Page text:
What is premillennial dispensationalism?

Basically, a fifty-dollar term for the idea that Jesus is going to “rapture” all believers away from this world any day now, and then Jesus’s thousand-year (millennial) reign will begin. If someone asks me, I tell them nobody knows God’s timetable. Come to think of it, I tend to think both Pascal and Kierkegaard were right about God’s basic incomprehensibility beyond what He’s specifically revealed about Himself. I guess I would call myself a Kantian-Kierkegaardian Christian. Kant showed that our minds are designed to work in three-dimensional space plus time, and what transcends the categories of the human mind is simply a mystery. Kierkegaard basically destroyed the teleological argument that moves from the apparent design in nature to the idea that nature’s designer is necessarily the Christian God. Hume got there first, I know, but Hume wasn’t a believer and Kierkegaard was.

The leap of faith?

He never uses that phrase, he just calls it a “leap.” I prefer to think of it as trust — that we are better off trusting in the existence of God than not. Trust is not proof, of course. I can’t satisfy those who say, “There’s no proof,” and I usually don’t try. I think a more recent philosophical theologian, Cornelius Van Til of the Reformed School, had the basic idea when he described theism and atheism as incommensurable. I think he actually used that term.

Sounds like a long intellectual journey.

It was. Needless to say, I didn’t get much help from my atheist colleagues who in retrospect seemed arrogant and authoritarian even when they tried not to be. Part of my argument is that materialism, as I use that term a worldview which has dominated the intellectual and economic landscape for the past hundred years now in one form or another (communism yesterday, neoliberal capitalism today), has been a political, moral, and cultural disaster. We’ve set up our own massive empire based on money and power, ruined our culture with sexual hedonism and the worship of celebrities, the entertainment culture generally. Ruined our health with junk food. Wrecked the family unit. Our political system is close to dysfunction and our financial system is verging on bankruptcy. All the while we’ve been laying waste to other nations in the name of extracting resources we believed we were entitled to, making enemies of peoples with more traditional worldviews, and possibly threatening the ecosystem itself. Modernity may have given us all manner of technological advances and creature comforts, but they’ve come with a pretty steep price we’re probably just beginning to pay. It certainly hasn’t delivered on its Enlightenment promises. It’s true that a lot of wars have been fought over religion, but irreligious secularism looks to be just as hopeless at delivering world peace, and possibly a lot more dangerous since religion never served up weapons capable of reducing entire cities to ashes in a matter of seconds.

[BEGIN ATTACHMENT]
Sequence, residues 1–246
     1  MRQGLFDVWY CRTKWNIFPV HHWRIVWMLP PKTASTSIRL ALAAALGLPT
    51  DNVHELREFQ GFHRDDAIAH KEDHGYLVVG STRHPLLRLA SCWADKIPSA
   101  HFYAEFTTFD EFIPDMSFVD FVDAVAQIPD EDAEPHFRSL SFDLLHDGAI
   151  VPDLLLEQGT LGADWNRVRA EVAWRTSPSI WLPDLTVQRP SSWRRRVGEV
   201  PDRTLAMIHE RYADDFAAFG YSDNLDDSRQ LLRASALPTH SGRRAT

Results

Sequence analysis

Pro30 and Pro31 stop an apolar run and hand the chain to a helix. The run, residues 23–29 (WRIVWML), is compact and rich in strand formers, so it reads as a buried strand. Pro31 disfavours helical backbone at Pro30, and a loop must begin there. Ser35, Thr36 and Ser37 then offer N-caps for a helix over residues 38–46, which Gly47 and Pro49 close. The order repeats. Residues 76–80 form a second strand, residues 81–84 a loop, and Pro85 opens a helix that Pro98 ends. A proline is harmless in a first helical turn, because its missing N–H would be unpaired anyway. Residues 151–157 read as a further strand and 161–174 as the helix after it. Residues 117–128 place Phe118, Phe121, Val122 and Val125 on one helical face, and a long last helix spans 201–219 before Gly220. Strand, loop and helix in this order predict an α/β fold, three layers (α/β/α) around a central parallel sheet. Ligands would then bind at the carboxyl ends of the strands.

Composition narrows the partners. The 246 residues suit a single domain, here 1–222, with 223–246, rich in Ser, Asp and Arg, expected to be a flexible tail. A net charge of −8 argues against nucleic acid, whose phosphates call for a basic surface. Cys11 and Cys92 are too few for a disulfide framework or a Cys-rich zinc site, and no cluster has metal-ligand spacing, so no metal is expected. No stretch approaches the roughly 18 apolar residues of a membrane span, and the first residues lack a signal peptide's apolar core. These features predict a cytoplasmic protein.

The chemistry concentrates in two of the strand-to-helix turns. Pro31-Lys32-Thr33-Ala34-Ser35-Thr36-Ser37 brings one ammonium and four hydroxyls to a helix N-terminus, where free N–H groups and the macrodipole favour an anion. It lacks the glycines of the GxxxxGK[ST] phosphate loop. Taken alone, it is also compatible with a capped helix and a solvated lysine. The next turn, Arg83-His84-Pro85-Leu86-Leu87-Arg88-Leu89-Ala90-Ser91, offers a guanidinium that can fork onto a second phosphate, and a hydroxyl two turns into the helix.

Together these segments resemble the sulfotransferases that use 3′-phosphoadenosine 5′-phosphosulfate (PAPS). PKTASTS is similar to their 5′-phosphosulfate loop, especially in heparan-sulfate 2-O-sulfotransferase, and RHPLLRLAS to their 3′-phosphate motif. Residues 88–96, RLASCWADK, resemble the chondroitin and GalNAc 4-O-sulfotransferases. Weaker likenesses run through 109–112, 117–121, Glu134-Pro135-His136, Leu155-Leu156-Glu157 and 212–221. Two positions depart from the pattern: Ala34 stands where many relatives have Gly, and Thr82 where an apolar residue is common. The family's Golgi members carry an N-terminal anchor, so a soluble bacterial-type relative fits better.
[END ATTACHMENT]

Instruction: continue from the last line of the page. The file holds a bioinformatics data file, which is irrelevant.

Do you think man-made climate change is real?

I think we have no choice but to take the idea seriously. There seems to be a pretty solid consensus that’s coming out of all the hard sciences, and if you study what’s being said on its own terms, it’s the same kind of consensus you find for nearly every other major theory in any science, like the Big Bang, or evolution, or continental drift.

Would you say you got disillusioned with the scientific outlook?

I’d say I learned that there were a lot of problems the scientific outlook couldn’t solve, and a lot of areas of human life where it didn’t seem to apply.

And this got you interested in philosophy?

As I noted a few minutes ago, I got fascinated by things that didn’t fit into anybody’s favorite theories. I wanted to know what they meant, and what to do with them.